The 1997 Inaugural Parade
It had warmed up to a comfortable degree after we had found some lunch and took our places along Pennsylvania Avenue. We knew that the parade would last longer then we could stay since we were scheduled to return to our in-laws in Gaithersburg to get ready for the DC Ball that evening. It was scheduled to have participants from every state in the Union. For us, the goal was to catch a glimpse of the First Family and the family of the Vice-President, preferably as they walked rather than rode by our position. Traditionally, the President would walk the last leg of his tour, and we were positioned at Pennsylvania and 6th St., so we knew our chances were slim.
We took our positions along a wall of one of the many government building on the route. It was a spot with a great vantage point over the parade route, but we had an unfortunate view of the anti-abortion protesters who had staked their claim right in front of us. Their six-foot-high placards of aborted fetuses were clearly visible by all who were in a quarter-mile radius of their position. Clearly, they intended to have an audience with those riding by, ensconced in the limosines. After the protesters engaged in several heated public discussions with waiting parade-goers, the DC police decided to post several blue-helmeted uniformed officers interposed between the protesters and the spectators. Their presence at the parade site, placards and all, was never questioned as long as there were no disturbances.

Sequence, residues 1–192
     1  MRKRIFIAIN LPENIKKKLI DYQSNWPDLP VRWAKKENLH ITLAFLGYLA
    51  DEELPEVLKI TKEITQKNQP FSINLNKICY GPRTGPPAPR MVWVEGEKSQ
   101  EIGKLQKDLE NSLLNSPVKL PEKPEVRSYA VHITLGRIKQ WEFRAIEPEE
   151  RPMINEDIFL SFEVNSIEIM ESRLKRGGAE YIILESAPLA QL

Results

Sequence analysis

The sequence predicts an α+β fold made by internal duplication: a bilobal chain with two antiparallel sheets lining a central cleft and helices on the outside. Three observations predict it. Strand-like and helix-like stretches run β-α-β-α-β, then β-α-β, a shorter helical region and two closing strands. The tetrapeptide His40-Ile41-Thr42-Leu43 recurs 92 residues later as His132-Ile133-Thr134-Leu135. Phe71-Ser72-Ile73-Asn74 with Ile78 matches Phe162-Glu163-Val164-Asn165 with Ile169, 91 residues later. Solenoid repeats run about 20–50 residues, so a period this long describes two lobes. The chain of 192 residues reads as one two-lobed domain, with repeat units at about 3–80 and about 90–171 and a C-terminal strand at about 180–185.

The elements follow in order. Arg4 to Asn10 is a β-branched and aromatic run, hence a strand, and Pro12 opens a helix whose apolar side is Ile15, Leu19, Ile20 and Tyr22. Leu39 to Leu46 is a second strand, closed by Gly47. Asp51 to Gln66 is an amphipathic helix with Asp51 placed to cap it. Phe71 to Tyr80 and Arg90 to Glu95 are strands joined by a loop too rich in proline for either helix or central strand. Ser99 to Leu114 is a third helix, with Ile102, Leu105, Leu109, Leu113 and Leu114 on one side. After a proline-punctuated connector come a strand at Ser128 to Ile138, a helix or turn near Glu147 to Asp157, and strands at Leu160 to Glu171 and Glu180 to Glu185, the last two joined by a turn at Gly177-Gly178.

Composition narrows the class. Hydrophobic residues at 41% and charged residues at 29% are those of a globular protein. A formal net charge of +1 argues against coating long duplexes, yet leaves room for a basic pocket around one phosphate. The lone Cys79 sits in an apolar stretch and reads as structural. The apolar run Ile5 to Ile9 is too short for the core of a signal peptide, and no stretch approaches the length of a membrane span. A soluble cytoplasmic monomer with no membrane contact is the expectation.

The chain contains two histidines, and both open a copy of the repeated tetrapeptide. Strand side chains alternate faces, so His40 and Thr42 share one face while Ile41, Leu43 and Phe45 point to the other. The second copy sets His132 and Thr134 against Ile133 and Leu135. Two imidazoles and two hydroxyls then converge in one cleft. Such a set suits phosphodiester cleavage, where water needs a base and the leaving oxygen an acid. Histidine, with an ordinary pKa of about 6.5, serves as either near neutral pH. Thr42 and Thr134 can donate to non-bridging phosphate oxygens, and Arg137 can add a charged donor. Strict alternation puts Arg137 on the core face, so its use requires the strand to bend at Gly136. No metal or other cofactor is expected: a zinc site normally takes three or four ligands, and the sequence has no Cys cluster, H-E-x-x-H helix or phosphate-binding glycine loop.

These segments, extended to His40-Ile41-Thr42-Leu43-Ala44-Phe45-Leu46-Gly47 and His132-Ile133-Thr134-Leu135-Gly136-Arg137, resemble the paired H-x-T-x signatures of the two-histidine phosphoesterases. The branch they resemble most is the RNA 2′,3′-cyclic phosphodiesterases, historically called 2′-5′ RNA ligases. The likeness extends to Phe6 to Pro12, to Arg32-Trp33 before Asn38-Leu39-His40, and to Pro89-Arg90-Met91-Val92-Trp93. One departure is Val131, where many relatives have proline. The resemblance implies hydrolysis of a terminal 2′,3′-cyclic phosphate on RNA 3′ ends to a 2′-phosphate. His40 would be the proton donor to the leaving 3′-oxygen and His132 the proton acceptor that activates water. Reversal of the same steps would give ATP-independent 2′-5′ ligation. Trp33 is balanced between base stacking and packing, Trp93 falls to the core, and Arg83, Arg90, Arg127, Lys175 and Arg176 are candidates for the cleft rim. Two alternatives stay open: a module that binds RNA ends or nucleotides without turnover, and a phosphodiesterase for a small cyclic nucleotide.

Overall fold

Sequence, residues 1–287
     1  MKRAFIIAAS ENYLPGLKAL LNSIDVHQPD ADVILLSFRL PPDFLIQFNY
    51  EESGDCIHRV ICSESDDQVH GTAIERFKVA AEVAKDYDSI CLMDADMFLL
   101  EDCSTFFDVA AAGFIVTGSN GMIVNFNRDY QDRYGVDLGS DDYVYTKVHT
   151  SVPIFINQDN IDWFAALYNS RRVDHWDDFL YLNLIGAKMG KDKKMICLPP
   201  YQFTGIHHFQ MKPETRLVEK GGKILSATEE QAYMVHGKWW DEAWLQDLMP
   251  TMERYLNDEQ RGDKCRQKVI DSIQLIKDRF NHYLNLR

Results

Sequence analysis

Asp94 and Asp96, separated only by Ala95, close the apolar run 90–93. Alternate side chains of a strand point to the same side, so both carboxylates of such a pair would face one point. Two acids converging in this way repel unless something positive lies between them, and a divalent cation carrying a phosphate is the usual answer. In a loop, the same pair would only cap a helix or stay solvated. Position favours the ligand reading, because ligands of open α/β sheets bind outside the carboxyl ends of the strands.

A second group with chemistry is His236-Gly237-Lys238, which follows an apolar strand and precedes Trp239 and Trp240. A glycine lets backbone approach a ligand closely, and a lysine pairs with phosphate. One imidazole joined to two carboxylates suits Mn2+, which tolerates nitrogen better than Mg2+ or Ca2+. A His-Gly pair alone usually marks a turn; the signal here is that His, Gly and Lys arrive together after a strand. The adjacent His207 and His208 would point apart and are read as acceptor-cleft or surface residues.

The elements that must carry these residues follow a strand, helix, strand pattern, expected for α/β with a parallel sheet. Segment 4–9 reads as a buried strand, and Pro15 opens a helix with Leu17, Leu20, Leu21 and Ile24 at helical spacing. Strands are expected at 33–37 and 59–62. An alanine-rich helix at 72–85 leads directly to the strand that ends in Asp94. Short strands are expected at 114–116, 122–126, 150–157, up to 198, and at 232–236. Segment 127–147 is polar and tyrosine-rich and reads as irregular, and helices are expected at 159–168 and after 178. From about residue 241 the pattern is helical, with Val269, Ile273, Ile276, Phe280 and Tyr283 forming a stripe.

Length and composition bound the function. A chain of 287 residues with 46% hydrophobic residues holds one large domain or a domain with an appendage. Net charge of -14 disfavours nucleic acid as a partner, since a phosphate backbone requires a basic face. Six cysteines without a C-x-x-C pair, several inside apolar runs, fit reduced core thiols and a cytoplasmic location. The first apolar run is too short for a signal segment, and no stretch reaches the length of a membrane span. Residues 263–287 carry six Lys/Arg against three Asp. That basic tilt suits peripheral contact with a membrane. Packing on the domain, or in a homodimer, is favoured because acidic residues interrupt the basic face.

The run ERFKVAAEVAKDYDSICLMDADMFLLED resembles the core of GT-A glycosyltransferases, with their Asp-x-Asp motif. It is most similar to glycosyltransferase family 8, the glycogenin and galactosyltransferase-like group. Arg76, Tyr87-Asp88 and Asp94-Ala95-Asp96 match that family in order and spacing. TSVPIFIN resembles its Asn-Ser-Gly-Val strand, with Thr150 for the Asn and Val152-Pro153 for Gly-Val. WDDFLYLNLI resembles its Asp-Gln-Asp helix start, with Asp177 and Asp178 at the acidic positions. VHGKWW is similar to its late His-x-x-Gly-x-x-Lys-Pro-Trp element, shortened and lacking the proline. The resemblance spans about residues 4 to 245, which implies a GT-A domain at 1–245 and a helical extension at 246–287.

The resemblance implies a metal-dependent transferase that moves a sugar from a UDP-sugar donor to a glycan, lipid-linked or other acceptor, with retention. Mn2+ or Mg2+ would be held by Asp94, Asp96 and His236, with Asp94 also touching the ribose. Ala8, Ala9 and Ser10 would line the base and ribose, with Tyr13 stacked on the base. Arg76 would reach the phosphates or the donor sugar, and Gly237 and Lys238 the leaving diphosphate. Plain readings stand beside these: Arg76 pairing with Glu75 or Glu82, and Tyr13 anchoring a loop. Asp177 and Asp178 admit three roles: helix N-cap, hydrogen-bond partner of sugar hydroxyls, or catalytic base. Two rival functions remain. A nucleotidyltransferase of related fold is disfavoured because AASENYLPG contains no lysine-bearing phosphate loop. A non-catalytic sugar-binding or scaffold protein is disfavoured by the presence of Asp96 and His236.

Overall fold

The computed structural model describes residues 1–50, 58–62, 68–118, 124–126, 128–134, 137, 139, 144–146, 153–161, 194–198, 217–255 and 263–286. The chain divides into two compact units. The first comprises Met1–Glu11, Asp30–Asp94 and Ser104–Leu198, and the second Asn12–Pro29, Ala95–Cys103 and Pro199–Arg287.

Does the right of free speech include an infringement of the right of a citizen NOT to be exposed to certain speech? In my case, no matter what my position on abortion is, I did not want to be exposed to the contents of the posters used by the protesters during the Inaugural Parade. My right to be free of their speech was infringed. I was unwilling to move to another spot on the parade route because there was none (my wife and I did attempt to move away from the unsightly pictures of aborted fetuses, but when we saw there was no acceptable parade-viewing position, we returned to our former positions in spite of the offending speech). How far can a person freedom of speech go? What actions would you have recommended for me?
Note: I have censored the image above to refrain from being guilty of the indiscretion I am levying against the protesters in the picture. As the author, I am exercising editorial responsibility.
A shot of
the author while waiting